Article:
SNAPSHOTS: Is It Legal?
I’ve created street photography in a public space in the United States
that has people in it. Will I break the law by distributing or sharing
Is It Legal?
GOT A LEGAL QUESTION?
First, I think it’s important to define what street
photography is. In general, it is the candid taking of
photographs, usually of strangers in a public space.
Rather than documenting news, street photography
places the emphasis on documenting ordinary life. Dating back to when
cameras first became portable, street photography was made popular
by prolific artists like Henri Cartier-Bresson, Walker Evans, Robert Frank,
Garry Winogrand, Lee Friedlander, Vivian Maier, Helen Levitt and Joel
Meyerowitz, to name a few.
You don’t actually need to be on a street to make street photography;
you just need to be in a public space. Since the goal of street
photography is to capture their
subjects unaffected by their
presence, most street shooters
try to stay unnoticed. It is the
art of capturing a moment and
the freedom of taking an image
(or recording a video) based on
serendipity and chance.
In the United States, there
are very few rules you need
to know when taking a candid
photograph or video. Because
the First Amendment to the
United States Constitution
provides broad freedoms
of the press and freedom of
expression, a photographer
does not need permission
from the subject when taking the photograph or filming in a public
space. These photographs are “expressive works.” Even though
individuals do have certain privacy rights in the United States, these
rights are predominately state laws, and no state can restrict a person’s
fundamental First Amendment right of free expression, including
creating photographs and documentary films.
Some states have restrictions on how you can take a picture, for
example, prohibiting the use of a zoom lens or other device to peer
deep inside a house or behind a fence. This prevents people from taking
pictures in a place where there’s a reasonable expectation of privacy.
The general rule is that if you can see the subject from a public place,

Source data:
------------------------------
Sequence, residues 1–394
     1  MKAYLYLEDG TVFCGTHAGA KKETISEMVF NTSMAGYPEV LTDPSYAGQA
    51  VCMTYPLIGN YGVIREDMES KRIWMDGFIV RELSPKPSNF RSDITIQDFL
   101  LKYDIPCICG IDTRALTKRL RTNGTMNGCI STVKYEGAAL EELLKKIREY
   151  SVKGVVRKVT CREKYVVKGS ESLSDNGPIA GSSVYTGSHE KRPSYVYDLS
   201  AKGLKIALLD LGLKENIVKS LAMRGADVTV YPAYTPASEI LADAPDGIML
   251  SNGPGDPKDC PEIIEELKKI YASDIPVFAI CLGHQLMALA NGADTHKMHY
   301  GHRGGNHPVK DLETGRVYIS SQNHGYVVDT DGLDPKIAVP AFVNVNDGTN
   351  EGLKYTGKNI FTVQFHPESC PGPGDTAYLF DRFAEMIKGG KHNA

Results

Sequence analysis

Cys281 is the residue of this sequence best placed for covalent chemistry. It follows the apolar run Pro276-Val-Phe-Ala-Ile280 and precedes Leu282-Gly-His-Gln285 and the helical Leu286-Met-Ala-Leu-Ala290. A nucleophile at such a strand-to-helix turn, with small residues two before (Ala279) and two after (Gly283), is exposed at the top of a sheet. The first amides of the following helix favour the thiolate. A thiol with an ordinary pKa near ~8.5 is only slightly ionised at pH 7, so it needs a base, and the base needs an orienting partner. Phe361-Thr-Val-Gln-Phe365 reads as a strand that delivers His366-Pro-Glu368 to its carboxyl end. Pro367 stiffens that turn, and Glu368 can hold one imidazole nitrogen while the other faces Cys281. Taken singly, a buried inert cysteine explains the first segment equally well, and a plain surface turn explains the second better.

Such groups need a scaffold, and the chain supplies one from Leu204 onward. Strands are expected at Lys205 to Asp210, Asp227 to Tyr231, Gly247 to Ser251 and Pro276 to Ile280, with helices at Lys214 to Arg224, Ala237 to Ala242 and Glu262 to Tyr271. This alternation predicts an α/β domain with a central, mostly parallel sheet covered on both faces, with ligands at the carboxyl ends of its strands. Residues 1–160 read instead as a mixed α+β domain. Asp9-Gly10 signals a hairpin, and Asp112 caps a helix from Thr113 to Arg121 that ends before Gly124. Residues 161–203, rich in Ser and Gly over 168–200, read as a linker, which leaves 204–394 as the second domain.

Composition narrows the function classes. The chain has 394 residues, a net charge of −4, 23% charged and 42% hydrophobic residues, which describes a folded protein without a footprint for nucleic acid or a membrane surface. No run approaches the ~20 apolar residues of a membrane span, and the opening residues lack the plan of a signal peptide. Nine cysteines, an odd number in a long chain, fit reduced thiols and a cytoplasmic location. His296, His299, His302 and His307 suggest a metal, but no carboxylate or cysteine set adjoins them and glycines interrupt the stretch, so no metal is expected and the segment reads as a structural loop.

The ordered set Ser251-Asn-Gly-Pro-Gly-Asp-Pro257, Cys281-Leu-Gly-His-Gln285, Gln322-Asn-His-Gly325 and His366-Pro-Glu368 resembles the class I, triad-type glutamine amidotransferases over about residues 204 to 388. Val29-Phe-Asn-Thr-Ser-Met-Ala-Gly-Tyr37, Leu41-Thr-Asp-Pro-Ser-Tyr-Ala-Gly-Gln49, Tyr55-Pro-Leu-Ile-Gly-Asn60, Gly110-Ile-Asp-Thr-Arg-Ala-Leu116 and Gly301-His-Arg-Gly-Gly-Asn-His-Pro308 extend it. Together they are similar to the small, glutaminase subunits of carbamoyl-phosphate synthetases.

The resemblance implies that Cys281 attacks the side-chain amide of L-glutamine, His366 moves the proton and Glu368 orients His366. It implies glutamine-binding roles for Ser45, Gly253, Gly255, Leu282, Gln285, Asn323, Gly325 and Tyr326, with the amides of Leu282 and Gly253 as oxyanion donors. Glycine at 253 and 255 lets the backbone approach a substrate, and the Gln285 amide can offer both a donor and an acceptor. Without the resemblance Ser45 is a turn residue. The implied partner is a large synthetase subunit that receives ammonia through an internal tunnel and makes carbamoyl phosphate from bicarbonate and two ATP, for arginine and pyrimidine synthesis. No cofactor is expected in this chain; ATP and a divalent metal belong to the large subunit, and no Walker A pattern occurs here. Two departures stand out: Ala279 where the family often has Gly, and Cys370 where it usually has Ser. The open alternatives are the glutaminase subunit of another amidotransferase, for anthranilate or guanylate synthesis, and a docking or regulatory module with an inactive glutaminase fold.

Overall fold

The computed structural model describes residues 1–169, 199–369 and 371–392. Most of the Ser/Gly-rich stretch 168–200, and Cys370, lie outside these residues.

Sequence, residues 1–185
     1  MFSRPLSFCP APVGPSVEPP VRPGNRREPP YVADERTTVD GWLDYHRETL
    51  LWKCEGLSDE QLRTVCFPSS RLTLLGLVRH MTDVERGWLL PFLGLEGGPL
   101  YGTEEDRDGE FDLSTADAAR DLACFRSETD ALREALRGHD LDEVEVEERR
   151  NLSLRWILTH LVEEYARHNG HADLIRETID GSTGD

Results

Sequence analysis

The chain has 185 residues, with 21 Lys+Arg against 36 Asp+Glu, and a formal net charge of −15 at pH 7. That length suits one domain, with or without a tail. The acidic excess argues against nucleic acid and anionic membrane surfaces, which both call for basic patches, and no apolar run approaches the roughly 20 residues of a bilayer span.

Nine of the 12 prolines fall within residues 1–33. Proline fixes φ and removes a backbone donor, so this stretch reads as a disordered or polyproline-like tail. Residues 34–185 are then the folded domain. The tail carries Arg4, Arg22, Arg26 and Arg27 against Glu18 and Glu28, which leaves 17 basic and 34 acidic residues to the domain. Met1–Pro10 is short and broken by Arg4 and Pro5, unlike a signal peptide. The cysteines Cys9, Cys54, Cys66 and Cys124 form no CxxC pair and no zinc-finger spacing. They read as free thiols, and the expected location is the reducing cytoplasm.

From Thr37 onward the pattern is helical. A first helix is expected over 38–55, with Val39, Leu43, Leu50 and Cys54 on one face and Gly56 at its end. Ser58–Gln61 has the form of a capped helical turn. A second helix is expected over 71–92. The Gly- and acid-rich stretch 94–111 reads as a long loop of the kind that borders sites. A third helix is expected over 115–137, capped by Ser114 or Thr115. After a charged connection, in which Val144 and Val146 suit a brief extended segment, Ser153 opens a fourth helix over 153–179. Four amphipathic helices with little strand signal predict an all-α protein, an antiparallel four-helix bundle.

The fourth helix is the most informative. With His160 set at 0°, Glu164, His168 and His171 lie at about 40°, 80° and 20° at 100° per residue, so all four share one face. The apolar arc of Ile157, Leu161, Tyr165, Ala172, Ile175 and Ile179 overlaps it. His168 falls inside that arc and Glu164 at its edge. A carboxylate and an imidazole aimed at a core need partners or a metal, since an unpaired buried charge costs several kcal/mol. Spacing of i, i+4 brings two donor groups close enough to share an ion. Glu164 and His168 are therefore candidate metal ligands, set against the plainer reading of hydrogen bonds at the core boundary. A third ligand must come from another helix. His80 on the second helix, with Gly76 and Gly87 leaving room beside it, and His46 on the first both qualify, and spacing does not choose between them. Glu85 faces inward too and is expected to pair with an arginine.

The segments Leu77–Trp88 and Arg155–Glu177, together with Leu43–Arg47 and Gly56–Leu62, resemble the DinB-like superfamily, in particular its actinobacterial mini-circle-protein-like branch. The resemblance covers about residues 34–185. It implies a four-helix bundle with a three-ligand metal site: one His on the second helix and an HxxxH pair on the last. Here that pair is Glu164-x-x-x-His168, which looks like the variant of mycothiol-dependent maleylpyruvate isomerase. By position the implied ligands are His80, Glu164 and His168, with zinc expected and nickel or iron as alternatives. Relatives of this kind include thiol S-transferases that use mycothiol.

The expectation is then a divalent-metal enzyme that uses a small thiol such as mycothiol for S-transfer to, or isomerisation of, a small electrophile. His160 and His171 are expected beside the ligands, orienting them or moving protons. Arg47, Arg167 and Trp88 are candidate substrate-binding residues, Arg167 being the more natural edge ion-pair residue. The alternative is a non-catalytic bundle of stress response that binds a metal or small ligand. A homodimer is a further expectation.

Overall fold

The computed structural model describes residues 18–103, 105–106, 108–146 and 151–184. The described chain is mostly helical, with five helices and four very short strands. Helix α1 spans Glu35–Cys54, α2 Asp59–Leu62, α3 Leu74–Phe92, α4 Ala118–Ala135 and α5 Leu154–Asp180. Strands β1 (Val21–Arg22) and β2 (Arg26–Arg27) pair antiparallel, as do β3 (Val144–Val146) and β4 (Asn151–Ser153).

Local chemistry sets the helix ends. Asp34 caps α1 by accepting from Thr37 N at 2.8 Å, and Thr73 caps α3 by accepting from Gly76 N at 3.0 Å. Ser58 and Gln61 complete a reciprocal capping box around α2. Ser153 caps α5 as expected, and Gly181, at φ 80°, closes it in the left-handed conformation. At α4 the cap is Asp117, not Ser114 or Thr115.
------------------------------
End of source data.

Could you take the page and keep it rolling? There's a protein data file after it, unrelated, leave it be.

you can take a picture without their permission and without seeking a
written release. If you are asked to stop, you should obey the request.
But if you are in a public place, you generally cannot be required to stop
taking pictures, turn over your camera or delete film.
However, the fact that you do not need permission does not mean
that you shouldn’t ask. If the moment is fleeting, permission from the
subject may not be possible, but respect for your subject is never wrong.
Alternatively, some cities and federal or state parks require permits if
your photography or filming is considered “commercial” and may impede
on the general public. For example, if you have assistants, models and/
permit. However, most 'street' photography is taken with discreet
cameras and would not have the same commercial shoot requirements.
Now let’s say you’ve already created a piece of work in a public place.
What can you do with it? As a photographer, your rights regarding
reproduction and use of your photographs are controlled by a federal
statute, the Copyright Act. While state privacy laws cannot restrict
uses of photography that fall under freedom of the press or freedom
of expression, states can protect the right of an individual to prevent
commercial appropriation of his or her likeness, as depicted in the
photograph or video you have taken.
This right is sometimes referred
to as the right of publicity or
right of privacy. Without model
releases from the subjects, you
cannot license the content for
advertising a product or service,
or allow an image of a recognizable
person to be sold on mass-produced t-shirts, for example.
Laws restricting commercial
appropriation do not limit you
from exhibiting, displaying or
selling a photographic print as
a work of art, or publishing the
work in a book, magazine or blog.
Similarly, video can be exhibited
or displayed and included in a
documentary. The fact that you
sell the book of your work or the art prints, and may make a profit, does
not make those uses commercial. If the use is protected by the First
Amendment, you can sell and promote the product.
In the case of documentaries, if you are telling the story of a
particular person or persons, and following them over a period
of time, it is recommended that you obtain an appearance release
from each main subject. This will make obtaining insurance to distribute
your film easier, and prevent requests from the subject to review the
film or have control over the final cut. This would not apply to fleeting
persons in the background. In addition, if filming, try to avoid music,
broadcast, radios, murals or other public art in the background that’s
more than incidental because it may require additional clearances. EDU
This article is for informational purposes only. It is not
intended and should not be construed as legal advice. Contact
Nancy E. Wolffis a partner at Cowan, DeBaets,
Abrahams & Sheppard, LLP. Her practice focuses
on intellectual property and digital media law.
The fact that you do not
need permission does not
mean you shouldn't ask. If the
moment is fleeting, permission
from the subject may not be
possible, but respect for your
subject is never wrong.